I seem to recall that when i asked and installled my floor, I was told
that eventually I made need to sand it. In doing so, it may not take
more than 3 sandings of its lifetime. I had a heated argument with my
brother who said none of them can be sanded as an ordinary wooden
floor. Who's right?
My employer makes a variety of wood floors. There are three primary options:
Solid Wood... Can be sanded numerous times.
Engineered flooring w/ real wood top layer. Can be sanded a "few" times. 3
times is probably a realistic figure.
Engineered flooring with a picture of woodgrain laminated to <essentially>
MDF, plus a clear protective layer laminated on top of the picture of
woodgrain. Some of this material is embossed to give it a texture. Sand it
as many times as you like, but it'll look like hell after the first time.
Kyle was right on the first two and not clear on the third option.
A laminated floor that is not one of the first two can not be sanded at all.
It is a plastic veneer product. Looks great and lasts a long time then you
rip it out and throw it away.
If you have to sand out a stain or burn with thick plank you often can,
on laminate you dont have much there, I had apx 1/8th" sanded off a 3/4"
oak floor that was grey and unfinished for 20 years, now it looks new.
With laminate it would be impossible to sand out much wear or any burn
or deep damage.
Neither or both of you, maybe. What is the floor made from?
Laminate floors are a plastic coating laminated to a different plastic base.
This is a heavier duty version of the stuff on kitchen counters, often
referred to as the brand named Formica. This type of flooring is made by
WisonArt, Mannington, Pergo, many others. As such, it cannot be sanded.
Most look like wood, but Wilson Art has some that looks like marble tiles.
I have than in my foyer.
Then there is engineered wood. This is an all wood product that has a top
layer of a very nice looking pre-finished flooring grade wood, over a few
layers of other woods. It is made the same way as plywood. It is finished
with a very durable coating. Yes, this may be sanded a bit if ever needed.
There are special orbital sanders needed for it though, not the drum type
used on solid hardwood floors.
Just for kicks, there is also pre-finished solid hardwood too.
People don't take the time to express themselves properly. One brand of
flooring sold at the big box stores is Pergo. Thus, many people mistakenly
call any pre-finished flooring "Pergo" but in reality, it may be of some
different material. And made by a different company. Find out what you
have, then use the proper terminology and you can explain and win every
argument about it. Since you use the term laminate and talk about sanding,
I have no clue if you are right or not.
There is no way you can sand a laminated floor without damaging it
badly. My advice (yes, I have installed them) is to never try to sand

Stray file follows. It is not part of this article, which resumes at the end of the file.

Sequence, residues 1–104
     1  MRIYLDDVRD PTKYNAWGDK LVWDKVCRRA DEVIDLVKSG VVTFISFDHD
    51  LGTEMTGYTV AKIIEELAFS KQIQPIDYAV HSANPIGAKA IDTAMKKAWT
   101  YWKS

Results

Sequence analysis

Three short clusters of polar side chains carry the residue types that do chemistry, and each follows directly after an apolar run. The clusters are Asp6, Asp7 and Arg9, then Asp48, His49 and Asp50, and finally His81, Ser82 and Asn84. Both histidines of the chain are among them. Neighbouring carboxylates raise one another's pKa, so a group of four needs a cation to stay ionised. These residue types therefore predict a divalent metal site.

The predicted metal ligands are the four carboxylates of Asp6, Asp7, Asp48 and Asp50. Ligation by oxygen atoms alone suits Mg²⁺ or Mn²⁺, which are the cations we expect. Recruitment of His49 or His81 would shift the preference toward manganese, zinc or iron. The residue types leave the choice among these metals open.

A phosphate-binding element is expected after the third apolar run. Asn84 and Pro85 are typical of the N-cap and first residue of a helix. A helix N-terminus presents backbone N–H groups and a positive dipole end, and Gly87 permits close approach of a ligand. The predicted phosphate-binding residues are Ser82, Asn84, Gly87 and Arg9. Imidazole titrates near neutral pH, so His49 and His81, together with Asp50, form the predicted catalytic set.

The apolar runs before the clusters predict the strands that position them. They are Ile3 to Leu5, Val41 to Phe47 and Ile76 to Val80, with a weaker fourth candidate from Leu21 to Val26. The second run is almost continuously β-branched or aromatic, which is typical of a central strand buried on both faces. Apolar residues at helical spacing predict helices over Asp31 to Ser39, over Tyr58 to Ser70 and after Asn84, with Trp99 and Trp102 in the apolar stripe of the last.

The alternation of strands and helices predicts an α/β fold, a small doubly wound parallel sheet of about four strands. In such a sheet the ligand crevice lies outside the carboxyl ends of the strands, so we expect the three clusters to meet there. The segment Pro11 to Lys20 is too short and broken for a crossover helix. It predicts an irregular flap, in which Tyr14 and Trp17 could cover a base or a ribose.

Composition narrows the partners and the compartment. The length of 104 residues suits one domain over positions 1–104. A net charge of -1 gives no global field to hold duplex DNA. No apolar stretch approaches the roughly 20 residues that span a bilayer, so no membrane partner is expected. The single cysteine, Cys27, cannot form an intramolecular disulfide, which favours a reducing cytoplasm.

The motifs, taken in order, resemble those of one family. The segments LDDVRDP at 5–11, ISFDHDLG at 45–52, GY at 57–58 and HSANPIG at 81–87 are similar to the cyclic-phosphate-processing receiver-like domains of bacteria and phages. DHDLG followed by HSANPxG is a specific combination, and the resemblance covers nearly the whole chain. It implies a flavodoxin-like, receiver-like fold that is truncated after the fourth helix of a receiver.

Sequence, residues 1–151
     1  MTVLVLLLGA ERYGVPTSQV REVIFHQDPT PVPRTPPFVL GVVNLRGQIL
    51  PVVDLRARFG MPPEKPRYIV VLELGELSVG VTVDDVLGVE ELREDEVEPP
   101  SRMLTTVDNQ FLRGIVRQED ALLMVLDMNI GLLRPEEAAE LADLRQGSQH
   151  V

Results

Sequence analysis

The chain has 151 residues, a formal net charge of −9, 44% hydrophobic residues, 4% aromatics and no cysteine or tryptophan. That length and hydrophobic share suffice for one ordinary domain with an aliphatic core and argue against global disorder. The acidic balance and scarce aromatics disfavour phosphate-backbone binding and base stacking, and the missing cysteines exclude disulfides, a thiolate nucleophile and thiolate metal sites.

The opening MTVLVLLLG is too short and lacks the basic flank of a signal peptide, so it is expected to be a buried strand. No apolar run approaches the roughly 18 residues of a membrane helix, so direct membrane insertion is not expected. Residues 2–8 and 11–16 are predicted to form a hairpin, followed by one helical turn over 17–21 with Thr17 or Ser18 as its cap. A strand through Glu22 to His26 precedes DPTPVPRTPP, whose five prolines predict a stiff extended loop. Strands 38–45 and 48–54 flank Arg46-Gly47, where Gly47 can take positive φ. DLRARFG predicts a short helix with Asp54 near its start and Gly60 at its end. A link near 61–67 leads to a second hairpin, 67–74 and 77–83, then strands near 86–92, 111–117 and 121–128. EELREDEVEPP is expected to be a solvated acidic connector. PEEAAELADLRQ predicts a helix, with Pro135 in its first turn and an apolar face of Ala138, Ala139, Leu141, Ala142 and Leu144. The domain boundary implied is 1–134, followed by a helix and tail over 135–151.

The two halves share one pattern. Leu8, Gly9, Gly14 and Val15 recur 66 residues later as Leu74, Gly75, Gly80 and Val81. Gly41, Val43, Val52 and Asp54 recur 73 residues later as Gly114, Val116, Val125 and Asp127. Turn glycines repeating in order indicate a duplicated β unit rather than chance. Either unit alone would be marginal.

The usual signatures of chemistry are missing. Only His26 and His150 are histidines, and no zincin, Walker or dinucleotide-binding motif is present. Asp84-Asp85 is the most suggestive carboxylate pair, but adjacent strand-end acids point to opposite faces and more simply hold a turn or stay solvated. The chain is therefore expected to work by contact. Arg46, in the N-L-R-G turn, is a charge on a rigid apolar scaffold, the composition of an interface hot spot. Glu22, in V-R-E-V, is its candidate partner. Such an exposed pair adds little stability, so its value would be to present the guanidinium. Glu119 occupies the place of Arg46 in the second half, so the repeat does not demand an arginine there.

one of them. A laminated floor is not a wood surface and can not be
I should of mentioned the name, I finally found the brochure of the
floor I installed. It was a Boen brand. it was bought in 1988 and still
looks great, but for an exception of a couple of areas that were marred
by dropping a microwave oven on the kitchen floor and a burnt spot on
another area. I was thinking that if and when I sell the house, I or
the buyer, most likely would of tried to sand it. I could of sworn that
the salesman told me it could be done, but not more than 3 times. The
description says and I quote " This flooring is a precisely milled
dimensionally stable 3 ply laminate...tongue and grooves end and sides-
prefinished with 4 coats of UV urethane. Do not wax your Boen
floor.Should you desire added surface protection or when scratches and
wear areas appear, have your floors recoated with a non-toxic,
non-yellowing, water based polyurethane available from your Boen
dealer. Honestly, I can't see by doing the latter, would cover up my
burn section and the kitchen problem
The real question here is exactly what type of flooring you have and
what the correct terminology is. From what I know, laminate is
generally used to refer to products like Pergo, which as someone
pointed out, is essentially a plastic material made with a picture of
real wood. That cannot be sanded and refinished. It is tough,
durable, better for moisture prone areas.
Then there are the engineered wood flooring products. These combine a
thin real wood top veneer with an engineered material base. So, they
are in essence laminated, however I don't think the manufacturers refer
to them that way as they are totally different than the plastic
laminates. The better ones have a thick enough real wood surface so
that it can be sanded if necessary, up to a few times. The advantage
of these is they look like real wood, cost less, and can perform
better, ie less expansion contraction, etc.
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